Ladies and Gentlemen, Septuagenarian Keith Richards

Oh yes he did. The Human Riff turned 70 today.

And what a ride it’s been. For his body, for music, and for all of us. Happy Birthday Keith.

His use of silence/space, the 5-string open G Tele, playing milliseconds behind or ahead of the beat, the multitude and breadth of styles he could inhabit, the infectious grooves he could create, the heart and ‘tude he’s brought to the table all these years.

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Mick Taylor Returns to the Stones’ Stage

The Vibrato. The Quiet One. The Kid. The non-flashy one. And now, thirty-eight years after leaving the Rolling Stones and thirty-one since they last played live with him (2003’s guest appearance was scuttled while he waited backstage with his guitar), the unassuming guitarist who took them to musical heights not seen since stepped out on the darkened blue stage and completed the journey. He had so much pep in his step, it looked like it was impossible for him to relax into a slow blues or even assume his traditional standing-still stage demeanor of yore.

He spun around, he lurched, he prowled the front of the stage (has he ever done this even once in his entire career?), he gravitated between hanging out with the guitarists in front of Charlie Watts’ drums and heading out to play off of the other Mick who was busy blowing harp and exhorting the audience. It was a little messy, and surely a little disorienting to be playing on a giant stage again after years decades away from the limelight. Was he sending a message to Jagger and the others? Something along the lines of “I can still play this shit and I can even walk around and entertain if you need an extra guitarist for the 2013 tour”. The Vibrato has become the Big Gazelle. Was it the shoes?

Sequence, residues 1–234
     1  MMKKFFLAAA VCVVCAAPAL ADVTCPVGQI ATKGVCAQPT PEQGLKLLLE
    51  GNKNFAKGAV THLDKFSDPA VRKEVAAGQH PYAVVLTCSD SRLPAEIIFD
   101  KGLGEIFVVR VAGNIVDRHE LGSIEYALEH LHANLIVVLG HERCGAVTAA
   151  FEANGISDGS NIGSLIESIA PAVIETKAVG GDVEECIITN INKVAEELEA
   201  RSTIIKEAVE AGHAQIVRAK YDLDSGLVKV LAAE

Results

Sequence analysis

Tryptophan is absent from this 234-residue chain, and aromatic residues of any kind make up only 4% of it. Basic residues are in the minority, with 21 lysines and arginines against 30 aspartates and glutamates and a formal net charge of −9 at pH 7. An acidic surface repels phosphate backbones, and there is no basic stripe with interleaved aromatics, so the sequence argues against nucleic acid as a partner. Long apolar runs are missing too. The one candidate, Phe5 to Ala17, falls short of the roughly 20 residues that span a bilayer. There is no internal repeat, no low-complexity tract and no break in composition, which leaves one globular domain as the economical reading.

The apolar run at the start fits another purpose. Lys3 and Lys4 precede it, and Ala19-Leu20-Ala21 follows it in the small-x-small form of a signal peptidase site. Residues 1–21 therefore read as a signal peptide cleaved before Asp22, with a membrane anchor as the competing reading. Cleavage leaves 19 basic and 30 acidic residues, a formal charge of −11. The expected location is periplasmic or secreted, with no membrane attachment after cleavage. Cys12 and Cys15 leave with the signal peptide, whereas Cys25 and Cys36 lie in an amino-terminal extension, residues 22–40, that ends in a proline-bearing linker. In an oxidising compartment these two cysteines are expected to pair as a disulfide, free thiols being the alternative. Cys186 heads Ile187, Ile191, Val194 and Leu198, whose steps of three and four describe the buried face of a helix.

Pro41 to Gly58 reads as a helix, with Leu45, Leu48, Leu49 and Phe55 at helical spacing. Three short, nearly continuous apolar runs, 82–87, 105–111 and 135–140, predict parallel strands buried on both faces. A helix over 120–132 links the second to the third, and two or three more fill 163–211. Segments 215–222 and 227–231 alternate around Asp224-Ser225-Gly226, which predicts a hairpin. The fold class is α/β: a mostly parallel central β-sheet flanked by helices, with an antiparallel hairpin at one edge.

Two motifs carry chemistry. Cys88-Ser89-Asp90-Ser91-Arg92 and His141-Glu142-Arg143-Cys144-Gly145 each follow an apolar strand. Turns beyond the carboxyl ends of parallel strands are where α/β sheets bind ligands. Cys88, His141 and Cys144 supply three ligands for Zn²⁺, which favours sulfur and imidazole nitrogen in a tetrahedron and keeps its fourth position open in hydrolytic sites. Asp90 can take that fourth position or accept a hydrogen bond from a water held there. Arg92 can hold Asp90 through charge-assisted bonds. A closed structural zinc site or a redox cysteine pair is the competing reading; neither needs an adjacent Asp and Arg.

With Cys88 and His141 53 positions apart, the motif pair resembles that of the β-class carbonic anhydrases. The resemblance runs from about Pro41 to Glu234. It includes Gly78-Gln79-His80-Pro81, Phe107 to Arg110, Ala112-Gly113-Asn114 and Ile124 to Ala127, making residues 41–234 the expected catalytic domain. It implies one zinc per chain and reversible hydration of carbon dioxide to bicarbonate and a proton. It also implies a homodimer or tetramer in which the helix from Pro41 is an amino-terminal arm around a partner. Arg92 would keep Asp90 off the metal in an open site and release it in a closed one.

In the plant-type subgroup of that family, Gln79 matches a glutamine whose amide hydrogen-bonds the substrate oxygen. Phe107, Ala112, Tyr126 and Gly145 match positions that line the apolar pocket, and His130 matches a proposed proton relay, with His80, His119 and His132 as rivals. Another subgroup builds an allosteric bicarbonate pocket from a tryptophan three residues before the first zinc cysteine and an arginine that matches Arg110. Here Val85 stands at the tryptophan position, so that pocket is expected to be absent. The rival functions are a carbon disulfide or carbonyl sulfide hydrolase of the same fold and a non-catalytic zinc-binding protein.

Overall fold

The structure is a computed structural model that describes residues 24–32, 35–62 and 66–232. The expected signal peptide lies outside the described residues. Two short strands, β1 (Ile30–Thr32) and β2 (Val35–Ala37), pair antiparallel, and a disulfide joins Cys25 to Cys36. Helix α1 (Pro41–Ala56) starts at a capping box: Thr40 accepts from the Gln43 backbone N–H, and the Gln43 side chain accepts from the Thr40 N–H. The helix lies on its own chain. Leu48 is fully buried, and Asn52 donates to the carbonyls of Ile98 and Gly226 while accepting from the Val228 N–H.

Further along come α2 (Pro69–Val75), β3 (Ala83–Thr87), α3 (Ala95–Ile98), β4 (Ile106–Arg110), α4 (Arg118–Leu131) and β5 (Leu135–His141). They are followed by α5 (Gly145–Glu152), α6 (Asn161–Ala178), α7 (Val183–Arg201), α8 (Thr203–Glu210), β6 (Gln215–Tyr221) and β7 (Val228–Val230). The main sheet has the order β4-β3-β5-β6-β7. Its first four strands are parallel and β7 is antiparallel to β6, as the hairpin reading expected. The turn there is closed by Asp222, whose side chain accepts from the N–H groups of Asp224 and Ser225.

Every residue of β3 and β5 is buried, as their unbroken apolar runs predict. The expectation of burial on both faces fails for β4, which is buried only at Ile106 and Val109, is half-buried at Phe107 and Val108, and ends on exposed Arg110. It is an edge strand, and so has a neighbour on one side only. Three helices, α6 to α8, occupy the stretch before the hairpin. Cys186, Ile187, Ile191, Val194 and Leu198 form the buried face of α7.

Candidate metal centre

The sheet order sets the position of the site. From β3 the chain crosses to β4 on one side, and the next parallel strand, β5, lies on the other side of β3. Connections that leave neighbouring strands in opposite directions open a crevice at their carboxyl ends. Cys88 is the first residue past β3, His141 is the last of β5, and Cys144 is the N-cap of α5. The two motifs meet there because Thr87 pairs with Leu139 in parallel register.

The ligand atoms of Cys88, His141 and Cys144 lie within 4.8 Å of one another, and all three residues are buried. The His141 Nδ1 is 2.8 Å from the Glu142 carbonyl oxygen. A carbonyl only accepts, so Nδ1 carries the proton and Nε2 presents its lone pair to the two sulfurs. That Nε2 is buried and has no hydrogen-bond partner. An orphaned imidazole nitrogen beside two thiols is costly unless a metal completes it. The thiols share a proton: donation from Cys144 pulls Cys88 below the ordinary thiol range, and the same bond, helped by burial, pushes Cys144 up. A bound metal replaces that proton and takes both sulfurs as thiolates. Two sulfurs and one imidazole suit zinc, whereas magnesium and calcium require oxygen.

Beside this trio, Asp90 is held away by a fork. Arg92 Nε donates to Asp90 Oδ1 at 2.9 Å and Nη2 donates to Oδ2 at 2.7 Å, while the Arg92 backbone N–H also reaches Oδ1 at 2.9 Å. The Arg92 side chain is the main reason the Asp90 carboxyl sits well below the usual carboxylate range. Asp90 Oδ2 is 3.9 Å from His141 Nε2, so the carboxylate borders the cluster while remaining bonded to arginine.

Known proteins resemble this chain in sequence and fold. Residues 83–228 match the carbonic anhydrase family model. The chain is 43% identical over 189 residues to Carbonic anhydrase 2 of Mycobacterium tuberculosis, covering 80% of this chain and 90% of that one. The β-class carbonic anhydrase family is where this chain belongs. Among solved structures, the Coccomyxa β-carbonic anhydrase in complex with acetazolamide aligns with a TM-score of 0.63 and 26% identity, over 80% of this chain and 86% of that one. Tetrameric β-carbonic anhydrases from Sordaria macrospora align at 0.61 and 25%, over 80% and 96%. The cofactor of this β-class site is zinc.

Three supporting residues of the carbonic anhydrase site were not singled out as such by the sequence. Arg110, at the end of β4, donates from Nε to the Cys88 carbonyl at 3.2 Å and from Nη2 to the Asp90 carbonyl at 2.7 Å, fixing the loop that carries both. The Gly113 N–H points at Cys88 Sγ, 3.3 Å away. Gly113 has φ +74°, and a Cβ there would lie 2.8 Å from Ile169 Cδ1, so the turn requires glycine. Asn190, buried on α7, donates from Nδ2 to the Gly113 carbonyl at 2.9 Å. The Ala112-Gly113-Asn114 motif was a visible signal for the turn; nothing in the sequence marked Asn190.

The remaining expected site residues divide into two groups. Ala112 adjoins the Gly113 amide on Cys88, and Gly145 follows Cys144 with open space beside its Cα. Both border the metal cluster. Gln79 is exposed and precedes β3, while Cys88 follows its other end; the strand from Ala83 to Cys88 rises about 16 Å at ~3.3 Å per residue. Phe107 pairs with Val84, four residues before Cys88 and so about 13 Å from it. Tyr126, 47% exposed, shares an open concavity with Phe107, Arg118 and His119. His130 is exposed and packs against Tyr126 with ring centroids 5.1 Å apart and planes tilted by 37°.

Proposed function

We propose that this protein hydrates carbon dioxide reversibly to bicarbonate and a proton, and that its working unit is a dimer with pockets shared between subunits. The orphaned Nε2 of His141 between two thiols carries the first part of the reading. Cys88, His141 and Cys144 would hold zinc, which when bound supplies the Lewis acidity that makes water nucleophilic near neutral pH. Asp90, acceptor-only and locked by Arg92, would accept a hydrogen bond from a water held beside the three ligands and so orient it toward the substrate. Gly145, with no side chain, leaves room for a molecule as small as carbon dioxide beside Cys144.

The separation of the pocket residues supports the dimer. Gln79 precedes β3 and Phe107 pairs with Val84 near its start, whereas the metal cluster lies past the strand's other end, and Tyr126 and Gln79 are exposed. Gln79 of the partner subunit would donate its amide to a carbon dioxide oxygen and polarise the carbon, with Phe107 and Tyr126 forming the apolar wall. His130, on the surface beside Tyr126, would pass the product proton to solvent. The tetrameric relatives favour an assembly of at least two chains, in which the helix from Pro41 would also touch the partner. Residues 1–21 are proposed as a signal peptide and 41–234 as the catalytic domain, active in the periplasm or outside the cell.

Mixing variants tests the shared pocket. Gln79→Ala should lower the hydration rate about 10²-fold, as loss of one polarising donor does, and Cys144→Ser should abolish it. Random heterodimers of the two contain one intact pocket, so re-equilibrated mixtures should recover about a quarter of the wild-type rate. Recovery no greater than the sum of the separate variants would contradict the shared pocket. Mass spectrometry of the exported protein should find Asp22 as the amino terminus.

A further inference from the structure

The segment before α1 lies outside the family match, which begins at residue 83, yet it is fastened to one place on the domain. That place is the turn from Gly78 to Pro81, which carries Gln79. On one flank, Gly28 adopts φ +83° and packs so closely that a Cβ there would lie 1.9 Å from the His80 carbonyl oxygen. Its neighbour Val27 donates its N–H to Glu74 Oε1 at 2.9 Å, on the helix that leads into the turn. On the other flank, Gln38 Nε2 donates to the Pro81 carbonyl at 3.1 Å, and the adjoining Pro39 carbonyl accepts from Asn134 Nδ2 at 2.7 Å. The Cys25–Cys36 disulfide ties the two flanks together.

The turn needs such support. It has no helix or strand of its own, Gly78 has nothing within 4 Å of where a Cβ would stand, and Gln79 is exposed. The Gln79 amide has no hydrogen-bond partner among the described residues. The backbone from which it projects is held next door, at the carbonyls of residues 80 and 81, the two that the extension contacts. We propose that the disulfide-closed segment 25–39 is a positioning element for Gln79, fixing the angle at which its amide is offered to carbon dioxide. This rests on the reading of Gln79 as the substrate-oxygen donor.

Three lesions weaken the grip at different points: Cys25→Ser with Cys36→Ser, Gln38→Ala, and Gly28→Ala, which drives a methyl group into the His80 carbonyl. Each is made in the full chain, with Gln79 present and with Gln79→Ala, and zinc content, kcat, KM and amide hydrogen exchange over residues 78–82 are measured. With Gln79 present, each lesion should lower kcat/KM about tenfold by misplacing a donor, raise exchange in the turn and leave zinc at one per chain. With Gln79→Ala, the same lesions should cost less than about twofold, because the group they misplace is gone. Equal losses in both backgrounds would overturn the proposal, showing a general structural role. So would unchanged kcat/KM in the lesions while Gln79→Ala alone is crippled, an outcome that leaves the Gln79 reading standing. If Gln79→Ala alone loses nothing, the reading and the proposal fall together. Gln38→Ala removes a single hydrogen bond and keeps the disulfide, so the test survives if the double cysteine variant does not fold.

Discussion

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Melody

A little bit of Stones to help break in the site, called, appropriately enough, Melody. This is one of their coolest jazz-type numbers and one most folks have never heard before. It features a wonderful vocal interplay between Jagger and pianist Billy Preston, a horn arrangement by Arif Mardin, a great slinky rhythm and some choice campy gut-busting lyrics:

“Melody, it was her second name; Melody, it was her second name.

Then one day she left me, she took everything and moved
She took my trailer home, she took my Sunday booze”.

Give it a listen, see what you think.